2020 New Year’s Evaluation Reading List

2020 New Year’s Evaluation Reading List

Ringing in the new year often brings a feeling of a fresh start and maybe even a resolution to read more! We’ve compiled the following reading list of evaluation-related reports, books and mini-books.

  1. Truth Decay: An Initial Exploration of the Diminishing Role of Facts and Analysis in American Public Life by Jennifer Kavanagh and Michael Rich, RAND Corporation (2018): This free report offers an analysis of how policy-making in the U.S. continues to be rooted in values-based discourse and highlights ways in which decision processes continue to reinforce selective use and sorting of information. (Suggested by SCEA Board Member Anne Vo)

  2. Scaling Impact: Innovation for the Public Good by Robert McLean and John Gargani: This free book introduces a new and practical approach to scaling the positive impacts of research and innova­tion. Inspired by leading scientific and entrepreneurial innovators from across Africa, Asia, the Caribbean, Latin America, and the Middle East, this book presents a syn­thesis of unrivalled diversity and grounded ingenuity. The result is a different perspective on how to achieve impact that matters, and an important challenge to the predomi­nant more-is-better paradigm of scaling. (Description from website; Suggested by the Washington Evaluators AEA Local Affiliate and evaluator Cameron Norman)

  3. Unlocking Leadership Mindtraps: How to Thrive in Complexity by Jennifer Garvey Berger: “Author and consultant Jennifer Garvey Berger has worked with all types of leaders―from top executives at Google to nonprofit directors who are trying to make a dent in social change. She hears a version of the same plea from every client in nearly every sector around the world: “I know that complexity and uncertainty are testing my instincts, but I don’t know which to trust. Is there some way to know what to do when I can’t know what’s next? Using her background in adult development, complexity theories, and leadership consultancy, Garvey Berger discerns five pernicious and pervasive “mind traps” to frame the book. These are: the desire for simple stories, our sense that we are right, our desire to get along with others in our group, our fixation with control, and our constant quest to protect and defend our egos. In addition to understanding why these natural impulses steer us wrong in a fast-moving world, leaders will get powerful questions and approaches that help them escape these patterns.” (Description from Amazon.com; Suggested by evaluator Allison Titcomb)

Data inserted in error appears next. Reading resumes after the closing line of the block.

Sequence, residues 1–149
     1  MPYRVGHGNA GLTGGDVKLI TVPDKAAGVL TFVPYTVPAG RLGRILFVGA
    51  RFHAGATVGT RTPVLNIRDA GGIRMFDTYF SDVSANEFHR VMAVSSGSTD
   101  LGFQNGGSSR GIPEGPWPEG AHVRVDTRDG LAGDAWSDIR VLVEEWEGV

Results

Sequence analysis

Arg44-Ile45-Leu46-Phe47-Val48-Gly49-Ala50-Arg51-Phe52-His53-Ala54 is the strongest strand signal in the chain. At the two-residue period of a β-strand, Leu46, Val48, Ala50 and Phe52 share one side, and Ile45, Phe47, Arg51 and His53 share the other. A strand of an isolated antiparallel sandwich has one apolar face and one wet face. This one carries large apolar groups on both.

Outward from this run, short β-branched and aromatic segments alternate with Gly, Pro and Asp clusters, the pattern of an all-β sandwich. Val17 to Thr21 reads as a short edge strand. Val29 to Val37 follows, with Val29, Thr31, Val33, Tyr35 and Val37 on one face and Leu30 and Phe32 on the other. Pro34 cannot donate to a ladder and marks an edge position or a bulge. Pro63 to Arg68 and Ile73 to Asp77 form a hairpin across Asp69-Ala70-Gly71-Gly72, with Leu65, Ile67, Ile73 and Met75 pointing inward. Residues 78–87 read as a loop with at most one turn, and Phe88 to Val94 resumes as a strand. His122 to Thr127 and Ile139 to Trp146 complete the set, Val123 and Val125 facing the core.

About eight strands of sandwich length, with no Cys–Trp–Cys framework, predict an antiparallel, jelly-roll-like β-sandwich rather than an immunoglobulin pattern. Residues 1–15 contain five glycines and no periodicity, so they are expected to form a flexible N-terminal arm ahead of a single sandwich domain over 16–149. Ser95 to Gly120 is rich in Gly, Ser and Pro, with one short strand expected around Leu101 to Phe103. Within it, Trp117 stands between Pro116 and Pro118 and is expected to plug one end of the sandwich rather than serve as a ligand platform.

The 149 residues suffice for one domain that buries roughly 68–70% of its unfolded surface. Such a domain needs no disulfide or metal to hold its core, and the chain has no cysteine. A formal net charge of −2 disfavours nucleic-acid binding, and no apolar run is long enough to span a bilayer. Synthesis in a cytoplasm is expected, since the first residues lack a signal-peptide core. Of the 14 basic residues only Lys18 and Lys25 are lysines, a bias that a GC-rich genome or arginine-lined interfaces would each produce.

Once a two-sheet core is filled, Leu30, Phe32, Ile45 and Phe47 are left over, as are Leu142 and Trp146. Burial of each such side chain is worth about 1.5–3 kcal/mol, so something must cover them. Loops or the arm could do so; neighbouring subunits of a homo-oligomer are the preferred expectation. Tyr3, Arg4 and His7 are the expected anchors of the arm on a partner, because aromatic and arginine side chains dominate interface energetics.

4. The Power Paradox: How We Gain and Lose Influence by Dacher Keltner: “Power is ubiquitous—but totally misunderstood. Turning conventional wisdom on its head, Dr. Dacher Keltner presents the very idea of power in a whole new light, demonstrating not just how it is a force for good in the world, but how—via compassion and selflessness—it is attainable for each and every one of us.” (Description from Amazon.com; Suggested by evaluator Allison Titcomb)

  5. Evaluation in Practice Series by Editors Christina Christie and Marvin Alkin: Check out this series of concise, practical books (approximately 200 pages). These books offer readers the opportunity to delve into a specific evaluation issue or topic with focus, depth and complexity.series of evaluation. Current titles include “Mixed Methods Design in Evaluation” (Donna M. Mertens) and Facilitating Evaluation (Michael Quinn Patton). Read here for more information on how to submit a proposal for an upcoming volume. (Suggested by SCEA Board Member Evelyn Wang)
  6. Visionary Evaluation for a Sustainable, Equitable Future by Editors Beverly Parson, Lovely Dhillon, and Matt Keene:  “Take a journey to 2030 where Visionary Evaluatives abound and link with one another in actively bringing about a sustainable, equitable future. Utilizing a creative storytelling approach, Visionary Evaluation for a Sustainable, Equitable Future brings forward the centrality of values in conjunction with the role of evaluation in building a future of well-being for people, nature, and planet.”. (Description from website; Suggested by evaluator Cameron Norman)

 

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